Congenital Patent Ductus Arteriosus (PDA)

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While still in the mother's womb, a baby doesn't need his or her lungs to supply oxygen because the baby receives oxygen via the mother's lungs and placenta. Since a baby's lungs do not provide oxygen, there is no need for energy to be expended pumping blood to the lungs. The ductus arteriosus is a blood vessel that is present in all babies while still in the womb that allows blood to bypass the pathway to the lungs; it allows blood to flow from the pulmonary artery to the aorta.

When the baby is born and the umbilical cord is cut, the lungs are now needed to supply oxygen. The lungs expand, their blood vessels relax to accept more flow and the ductus arteriosus usually closes within the first hours of life. On occasion, however, the ductus arteriosus does not close on its own. This is referred to as a patent ("open") ductus arteriosus. While this condition is much more often seen in premature babies, it may also appear in term infants.

The symptoms of a patent ductus arteriosus depend on the size of the ductus and how much blood flow it carries. After birth, the pressures and resistance are much tighter in the aorta than the pulmonary artery, so if a ductus arteriosus is present, blood will flow from the aorta into the pulmonary artery. This extra blood flow into the lungs can overload the lungs and put an additional burden on the heart to pump this extra blood.

This situation may not be well tolerated in a premature baby who already has problems related to immaturity of the lungs themselves. These babies may need more support from the ventilator and have symptoms of congestive heart failure.

A newborn with a patent ductus arteriosus may have fast breathing, an increase in the work of breathing, more frequent respiratory infections, tiring more easily, or poor growth.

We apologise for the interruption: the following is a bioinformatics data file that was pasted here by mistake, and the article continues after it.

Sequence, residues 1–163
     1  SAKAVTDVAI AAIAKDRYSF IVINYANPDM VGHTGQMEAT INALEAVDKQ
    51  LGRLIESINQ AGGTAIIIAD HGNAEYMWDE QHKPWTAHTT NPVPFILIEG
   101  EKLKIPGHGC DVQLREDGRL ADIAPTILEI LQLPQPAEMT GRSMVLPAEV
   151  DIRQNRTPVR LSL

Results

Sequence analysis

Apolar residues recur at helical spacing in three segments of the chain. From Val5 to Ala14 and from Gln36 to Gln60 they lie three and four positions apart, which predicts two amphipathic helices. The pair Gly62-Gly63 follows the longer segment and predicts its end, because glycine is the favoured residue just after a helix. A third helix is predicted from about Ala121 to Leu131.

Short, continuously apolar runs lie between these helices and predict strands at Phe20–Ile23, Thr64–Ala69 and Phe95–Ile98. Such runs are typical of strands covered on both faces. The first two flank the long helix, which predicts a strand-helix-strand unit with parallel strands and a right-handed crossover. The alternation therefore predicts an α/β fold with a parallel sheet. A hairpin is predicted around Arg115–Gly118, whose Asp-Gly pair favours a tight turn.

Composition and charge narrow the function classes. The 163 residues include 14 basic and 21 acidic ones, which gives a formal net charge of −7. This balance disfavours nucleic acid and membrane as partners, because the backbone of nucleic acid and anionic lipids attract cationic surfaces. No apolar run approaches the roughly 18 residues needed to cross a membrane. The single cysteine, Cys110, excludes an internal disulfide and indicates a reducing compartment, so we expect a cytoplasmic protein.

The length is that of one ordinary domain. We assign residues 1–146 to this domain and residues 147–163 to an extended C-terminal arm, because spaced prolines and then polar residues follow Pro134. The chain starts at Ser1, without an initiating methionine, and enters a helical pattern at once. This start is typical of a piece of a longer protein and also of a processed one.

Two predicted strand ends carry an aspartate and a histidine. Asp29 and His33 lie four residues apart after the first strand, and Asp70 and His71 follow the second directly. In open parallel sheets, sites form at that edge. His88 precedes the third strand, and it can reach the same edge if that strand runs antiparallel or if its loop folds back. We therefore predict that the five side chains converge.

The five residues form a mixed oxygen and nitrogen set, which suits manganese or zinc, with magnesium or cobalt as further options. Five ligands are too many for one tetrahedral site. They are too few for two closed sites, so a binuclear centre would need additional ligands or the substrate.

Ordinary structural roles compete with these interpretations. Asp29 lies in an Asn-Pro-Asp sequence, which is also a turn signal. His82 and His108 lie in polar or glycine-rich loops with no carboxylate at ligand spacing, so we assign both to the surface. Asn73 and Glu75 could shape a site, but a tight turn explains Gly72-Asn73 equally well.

However, if the patent ductus arteriosus is not large, it may cause no symptoms and may be detected only upon further evaluation of a heart murmur.

Even in the absence of symptoms, the turbulent flow of blood through the patent ductus arteriosus puts a person at a higher risk for a serious infection, known as endocarditis.

Because of turbulent blood flow from the high pressure aorta to the low pressure pulmonary artery, a patent ductus arteriosus causes a characteristic heart murmur that is heard on physical exam.

The presence of the characteristic murmur along with symptoms of heart failure in a premature infant most frequently leads to the diagnosis of patent ductus arteriosus. The chest X-ray will show an enlarged heart and evidence of an excessive amount of blood flow to the lungs. An echocardiogram is performed to confirm the diagnosis. This will demonstrate the size of the ductus arteriosus and will demonstrate if the heart chambers have become enlarged due to the extra blood flow.

In older children, though, the chest X-ray is typically normal. An echocardiogram will demonstrate the flow of blood through the patent ductus arteriosus and will typically be performed to confirm the diagnosis.

In a newborn, the patent ductus arteriosus still has the potential to close on its own without intervention. Thus, in newborns, additional time may be allowed for the patent ductus arteriosus to close on its own if the heart failure can be easily managed. If symptoms are severe, such as in a premature infant, or if it is felt that it is unlikely to close on its own, however, medical or surgical closure is pursued.